Some of the Stompers might take issue with the statement, “You should know by 12 or 13 if you’re good enough…”

Well, if they at least get into the Pacific Association, they’re better than I. I couldn’t even have the talent to be a minor leaguer. I remember, years ago, when I was still in my 20s, doing a story with the Clinton Iowa Dodgers. Because I was still relatively young and, I guess, looked fit and all that sort of thing, they would invite me just to play catch with them. And, even just to play catch, you saw there was a difference between these kids, there was just a certain smartness in the way they threw the ball. A certain zip that I just didn’t have. Even to play at the minor league level, you have talents at an entirely different dimension from the rest of us.

I’m curious if having a familiar voice is like a familiar face. I mean, do people hear you and say, “Oh, you’re Scott Simon!” And then think they know you.

Oh, yes, it happens every day. But you have to understand, I’m also on “CBS Sunday Morning,” which is a television show. And I write books. So, I do get recognized. My children can’t get over it.

Do you have any idea what the format of the Sonoma Speaker Series presentation is going to be? What do you have planned to say? Or you’re going to be reliant on the interviewer?

I want to make some remarks at the top. I certainly want to introduce my family. I want to let them know that Mark West Stables has a wonderful horse education program, if any of their children are looking for places to ride. But, more importantly, I want to talk a few minutes about John. And, my understanding is, that I’ll be interviewed on stage, by his daughter, Amy Wallace, who is a very accomplished journalist.

Did the horse ranch suffer any fire damage?

No. We were very lucky. I mean, there was a paddock that had some damage. And the grapes, that we grow in the vineyard area, suffered some smoke damage. But, no, no fire damage. My sister-in-law, Virginie Richard, who runs the stables part, had to, with less than an hour’s notice, round up all of her horses. And had to arrange to take them to the Sonoma County Fairgrounds. I believe, she stayed there for more than a month, Virginie and her little 8-year-old son.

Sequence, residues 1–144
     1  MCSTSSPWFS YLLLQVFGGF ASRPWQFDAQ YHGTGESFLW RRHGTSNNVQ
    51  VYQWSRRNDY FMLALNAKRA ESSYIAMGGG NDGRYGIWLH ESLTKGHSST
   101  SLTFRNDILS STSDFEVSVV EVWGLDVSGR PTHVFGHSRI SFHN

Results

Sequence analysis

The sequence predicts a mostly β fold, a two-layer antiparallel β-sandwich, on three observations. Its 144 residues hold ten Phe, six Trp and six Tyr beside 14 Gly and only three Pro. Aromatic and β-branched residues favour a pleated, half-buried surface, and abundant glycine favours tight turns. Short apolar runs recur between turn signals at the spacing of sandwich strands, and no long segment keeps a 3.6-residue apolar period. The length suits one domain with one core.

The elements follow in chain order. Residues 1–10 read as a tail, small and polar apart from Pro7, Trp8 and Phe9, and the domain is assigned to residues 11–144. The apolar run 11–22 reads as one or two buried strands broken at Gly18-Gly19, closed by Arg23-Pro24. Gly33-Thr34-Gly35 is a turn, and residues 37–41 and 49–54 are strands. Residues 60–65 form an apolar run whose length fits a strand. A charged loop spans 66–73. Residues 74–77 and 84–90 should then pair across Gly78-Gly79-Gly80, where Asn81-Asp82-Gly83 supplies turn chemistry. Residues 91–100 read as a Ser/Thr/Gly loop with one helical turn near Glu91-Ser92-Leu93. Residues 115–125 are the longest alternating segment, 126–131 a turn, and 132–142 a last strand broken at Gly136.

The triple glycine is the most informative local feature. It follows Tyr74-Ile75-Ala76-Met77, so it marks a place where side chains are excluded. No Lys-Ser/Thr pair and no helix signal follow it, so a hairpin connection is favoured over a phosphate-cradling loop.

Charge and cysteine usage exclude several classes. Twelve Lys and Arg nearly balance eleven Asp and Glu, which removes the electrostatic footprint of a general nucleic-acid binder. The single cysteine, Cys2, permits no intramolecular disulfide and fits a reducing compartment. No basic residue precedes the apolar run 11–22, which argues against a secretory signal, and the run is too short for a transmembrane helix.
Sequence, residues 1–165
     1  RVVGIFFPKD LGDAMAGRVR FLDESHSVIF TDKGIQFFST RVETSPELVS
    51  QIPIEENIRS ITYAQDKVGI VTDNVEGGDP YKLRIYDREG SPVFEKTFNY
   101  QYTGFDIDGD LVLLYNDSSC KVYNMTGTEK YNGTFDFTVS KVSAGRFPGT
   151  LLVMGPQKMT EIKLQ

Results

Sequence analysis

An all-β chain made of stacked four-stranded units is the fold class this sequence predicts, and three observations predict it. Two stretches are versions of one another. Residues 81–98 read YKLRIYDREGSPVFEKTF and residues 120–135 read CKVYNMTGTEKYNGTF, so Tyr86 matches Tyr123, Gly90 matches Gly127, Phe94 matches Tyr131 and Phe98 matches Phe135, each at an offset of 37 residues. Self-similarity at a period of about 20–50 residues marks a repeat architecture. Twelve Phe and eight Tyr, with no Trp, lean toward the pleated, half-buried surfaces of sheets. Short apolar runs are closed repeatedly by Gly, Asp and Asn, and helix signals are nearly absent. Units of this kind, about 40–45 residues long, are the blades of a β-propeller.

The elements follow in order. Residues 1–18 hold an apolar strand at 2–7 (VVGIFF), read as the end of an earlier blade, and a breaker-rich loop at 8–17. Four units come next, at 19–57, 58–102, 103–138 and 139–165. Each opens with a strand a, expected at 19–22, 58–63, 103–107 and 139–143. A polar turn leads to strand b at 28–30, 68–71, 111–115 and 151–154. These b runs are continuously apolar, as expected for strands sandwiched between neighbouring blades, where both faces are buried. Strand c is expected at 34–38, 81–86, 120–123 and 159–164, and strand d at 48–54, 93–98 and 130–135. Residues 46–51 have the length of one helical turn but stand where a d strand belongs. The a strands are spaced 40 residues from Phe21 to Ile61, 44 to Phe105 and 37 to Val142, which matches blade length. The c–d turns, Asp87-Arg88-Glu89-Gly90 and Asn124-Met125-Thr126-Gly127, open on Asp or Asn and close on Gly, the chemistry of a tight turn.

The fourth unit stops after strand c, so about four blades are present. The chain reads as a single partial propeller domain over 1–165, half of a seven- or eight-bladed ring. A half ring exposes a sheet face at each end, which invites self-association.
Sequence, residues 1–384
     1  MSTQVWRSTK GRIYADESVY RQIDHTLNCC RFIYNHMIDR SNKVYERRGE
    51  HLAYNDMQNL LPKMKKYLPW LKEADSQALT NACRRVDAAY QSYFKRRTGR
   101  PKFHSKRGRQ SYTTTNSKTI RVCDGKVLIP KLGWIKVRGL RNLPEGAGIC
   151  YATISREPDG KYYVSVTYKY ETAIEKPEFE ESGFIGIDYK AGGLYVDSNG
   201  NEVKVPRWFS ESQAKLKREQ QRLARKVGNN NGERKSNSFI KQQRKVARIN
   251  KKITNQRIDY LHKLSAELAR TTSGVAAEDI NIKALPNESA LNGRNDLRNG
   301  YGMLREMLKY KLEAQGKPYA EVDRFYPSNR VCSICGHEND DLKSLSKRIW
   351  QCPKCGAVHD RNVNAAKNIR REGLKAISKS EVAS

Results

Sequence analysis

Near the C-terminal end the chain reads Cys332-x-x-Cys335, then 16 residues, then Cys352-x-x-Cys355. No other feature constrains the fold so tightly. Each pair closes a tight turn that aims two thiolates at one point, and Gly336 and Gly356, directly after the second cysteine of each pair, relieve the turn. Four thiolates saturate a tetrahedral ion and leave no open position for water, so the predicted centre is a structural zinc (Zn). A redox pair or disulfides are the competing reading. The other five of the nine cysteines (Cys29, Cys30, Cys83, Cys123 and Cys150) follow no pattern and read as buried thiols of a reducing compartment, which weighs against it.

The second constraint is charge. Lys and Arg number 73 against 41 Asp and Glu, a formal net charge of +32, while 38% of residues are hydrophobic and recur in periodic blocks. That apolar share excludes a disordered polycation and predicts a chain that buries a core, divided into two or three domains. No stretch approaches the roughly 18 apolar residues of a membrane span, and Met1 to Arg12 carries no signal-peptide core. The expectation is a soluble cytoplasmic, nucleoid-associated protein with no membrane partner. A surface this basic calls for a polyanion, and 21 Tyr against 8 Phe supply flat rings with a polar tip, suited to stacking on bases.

And, interestingly, we used to get our news updates from our 15-year-old because she has friends out there from the horse camp and they’re Instagramming each other. So she would tell us how things were going. What life was like at the Sonoma County Fairgrounds. And who had to evacuate? Who was burned out? And that sort of thing.

Speaking of Instagram, this whole social-media avenue of communication is, kind of, bypassing mainstream media, radio, newspapers, for a large part of the population. What is it going to do to communications and information going forward.

I don’t know if you saw it this week, but there was a video that was going widely around social media of the Cubs’ first base coach flipping a ball to a little boy, who couldn’t hold on to it. And the man behind him, in this 12 second clip, picked up the ball and handed it to the woman sitting next to him. And this man was immediately on Twitter, on Facebook, all social media platforms, for, essentially, robbing a little boy of a baseball. But what the guy from the Cubs’ management learned was that the man there had already caught four baseballs and had given them all away, including to the little boy. And he just kept that last one, as it turned out, to the woman sitting next to him because it was his wife and it was their anniversary. So here was a man who was instantaneously savaged on social media for doing something that he didn’t really do. And the Cubs came to his defense and the family issued statements and all that sort of thing. But, as I said at the end of the report, do people want to be outraged or informed?

And, of course, undoubtedly the savaging will be remembered and the apology won’t.

Absolutely true. I don’t think it ever catches up with that. For years, there are going to be people who say, “No, I saw it. It happened.” Social media is a fact of life. I like it. I enjoy it. I think it’s a great way to learn things. But, as far as I’m concerned, it is not a replacement for the practiced craft of journalism. And I hope people don’t think it is.

Contact Christian at

Scott Simon in Sonoma

NPR newscaster Scott Simon will be the guest for the next Sonoma Speaker Series, Monday, Aug. 13, at Hanna Boys Center, beginning at 7 p.m. He will be interviewed on stage by Amy Wallace.

Tickets are $35. A VIP reception is held at 6 p.m.; tickets are $75.

More on this event and ticket links at

You can learn more about Scott Simon at